RVP: Let’s talk about the references to landscapes. There’s a lot of symbols in your work that recall nature. Why do you feel like the urge of addressing nature in your work?
JM: I’ve always been interested in nature. When I was a child, I dreamt of becoming a biologist or marine biologist when I grew up. I think that the experience of living in a big metropolis in the US has made these ideas resurface in my work. Also, living outside of Dominican Republic and realizing that many times our identity is interpreted through the prism of what has been dubbed as “tropical” nature, makes me want to reflect upon what this means. I investigate the history of the representation of tropical nature through the lens of colonialism and how some of these ideas have survived and how they spilled onto the bodies. This relationship between the body and nature is very present in my work because both are exercised and consumed and exploited in ways that are related to each other. Although more recently, I’m starting to approach these topics from a different angle that the postcolonial discourses, thinking about how we can relate to these issues in a more enjoyable way, and not only through all the trauma of colonialism.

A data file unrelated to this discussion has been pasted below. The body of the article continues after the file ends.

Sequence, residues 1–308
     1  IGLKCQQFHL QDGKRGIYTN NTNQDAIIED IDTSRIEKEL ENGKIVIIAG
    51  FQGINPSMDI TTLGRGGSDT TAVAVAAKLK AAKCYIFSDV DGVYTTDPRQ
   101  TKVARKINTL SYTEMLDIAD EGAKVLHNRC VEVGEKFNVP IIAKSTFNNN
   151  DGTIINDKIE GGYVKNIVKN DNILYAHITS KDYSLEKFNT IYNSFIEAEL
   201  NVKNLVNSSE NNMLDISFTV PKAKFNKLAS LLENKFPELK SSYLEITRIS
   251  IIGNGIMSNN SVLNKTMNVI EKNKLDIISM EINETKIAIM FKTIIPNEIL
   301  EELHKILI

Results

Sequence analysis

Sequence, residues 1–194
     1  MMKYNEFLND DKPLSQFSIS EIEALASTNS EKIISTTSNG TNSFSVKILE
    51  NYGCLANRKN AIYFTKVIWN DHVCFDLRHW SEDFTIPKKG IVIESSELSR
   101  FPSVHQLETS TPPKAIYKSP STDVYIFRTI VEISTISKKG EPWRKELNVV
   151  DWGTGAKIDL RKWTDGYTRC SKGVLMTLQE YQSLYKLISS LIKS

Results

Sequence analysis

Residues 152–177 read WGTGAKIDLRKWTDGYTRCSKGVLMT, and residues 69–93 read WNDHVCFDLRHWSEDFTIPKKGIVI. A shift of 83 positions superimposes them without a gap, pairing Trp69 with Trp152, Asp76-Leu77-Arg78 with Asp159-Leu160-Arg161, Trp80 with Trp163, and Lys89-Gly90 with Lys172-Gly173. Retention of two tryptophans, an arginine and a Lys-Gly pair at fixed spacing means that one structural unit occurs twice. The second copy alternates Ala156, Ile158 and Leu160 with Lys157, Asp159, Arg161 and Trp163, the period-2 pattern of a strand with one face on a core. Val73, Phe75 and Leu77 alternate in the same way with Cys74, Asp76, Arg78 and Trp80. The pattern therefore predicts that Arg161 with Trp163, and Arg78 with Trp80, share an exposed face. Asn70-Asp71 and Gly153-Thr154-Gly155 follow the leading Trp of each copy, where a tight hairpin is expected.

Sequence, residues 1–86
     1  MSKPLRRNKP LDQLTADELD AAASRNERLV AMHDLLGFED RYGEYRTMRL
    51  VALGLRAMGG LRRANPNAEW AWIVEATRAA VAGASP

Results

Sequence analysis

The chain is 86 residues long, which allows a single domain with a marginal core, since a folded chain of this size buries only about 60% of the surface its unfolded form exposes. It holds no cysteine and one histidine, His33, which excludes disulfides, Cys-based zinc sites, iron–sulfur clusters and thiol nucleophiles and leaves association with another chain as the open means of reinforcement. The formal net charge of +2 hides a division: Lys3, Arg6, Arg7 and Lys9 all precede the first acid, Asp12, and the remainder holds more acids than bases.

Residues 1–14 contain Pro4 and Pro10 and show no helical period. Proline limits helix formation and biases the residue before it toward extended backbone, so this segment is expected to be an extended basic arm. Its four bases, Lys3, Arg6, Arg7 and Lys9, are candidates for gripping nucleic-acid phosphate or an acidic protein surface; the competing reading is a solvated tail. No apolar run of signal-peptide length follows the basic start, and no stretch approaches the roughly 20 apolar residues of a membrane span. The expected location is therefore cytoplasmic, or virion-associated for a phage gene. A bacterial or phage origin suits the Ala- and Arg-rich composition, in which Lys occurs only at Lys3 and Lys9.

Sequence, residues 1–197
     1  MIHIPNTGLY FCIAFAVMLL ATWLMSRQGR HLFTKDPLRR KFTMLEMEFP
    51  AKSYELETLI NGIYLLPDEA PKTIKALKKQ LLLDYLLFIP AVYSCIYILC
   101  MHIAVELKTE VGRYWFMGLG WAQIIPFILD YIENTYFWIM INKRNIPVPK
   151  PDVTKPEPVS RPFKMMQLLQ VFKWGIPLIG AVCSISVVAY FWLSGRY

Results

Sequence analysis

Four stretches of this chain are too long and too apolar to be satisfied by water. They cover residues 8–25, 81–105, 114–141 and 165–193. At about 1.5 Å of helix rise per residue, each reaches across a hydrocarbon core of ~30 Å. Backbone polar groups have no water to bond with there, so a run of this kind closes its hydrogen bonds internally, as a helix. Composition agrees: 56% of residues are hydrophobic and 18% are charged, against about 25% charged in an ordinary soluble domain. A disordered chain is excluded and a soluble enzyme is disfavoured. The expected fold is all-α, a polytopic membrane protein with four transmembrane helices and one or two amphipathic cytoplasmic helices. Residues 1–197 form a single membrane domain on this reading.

RVP: Can you expand on the idea of “tropical identity”, and how the Caribbean appears in the imagination of the outside world, but also of the Caribbean people?
JM: In the last couple of years, I focused on how this notion of “tropical” is representative for outsiders as well as for the Caribbean people. Having grown up there, I find there are parallels in how spaces are pictured.
I have noticed that in recent years the “Hawaiian shirt” for example, this type of shirt with “tropical” prints, has become very popular in Western countries. Then I go to the Dominican Republic, and there are middle-class, young, hip people wearing them. I find this very interesting, because when I was younger, these visual codes were restricted to the construction of tropical spaces through resorts; it was more of the uniform of a resort or some sort of service that had to do with tourism. Now it has become this cool, trendy thing. This seems a worldwide phenomenon, and I am interested in the parallels and how both directions communicate or overlap.
In terms of constructions of tropical space, I think how this space was visualized during colonialism has had a lot of impact into the imagery that still prevails today. There is literature that have helped me understand this, one is Krista Thompson’s An Eye for the Tropics and Picturing Tropical Nature by Nancy Stepan. Although the two authors draw their analysis in the English-speaking Caribbean, I see a lot of parallels with what is understood of Dominican Republic.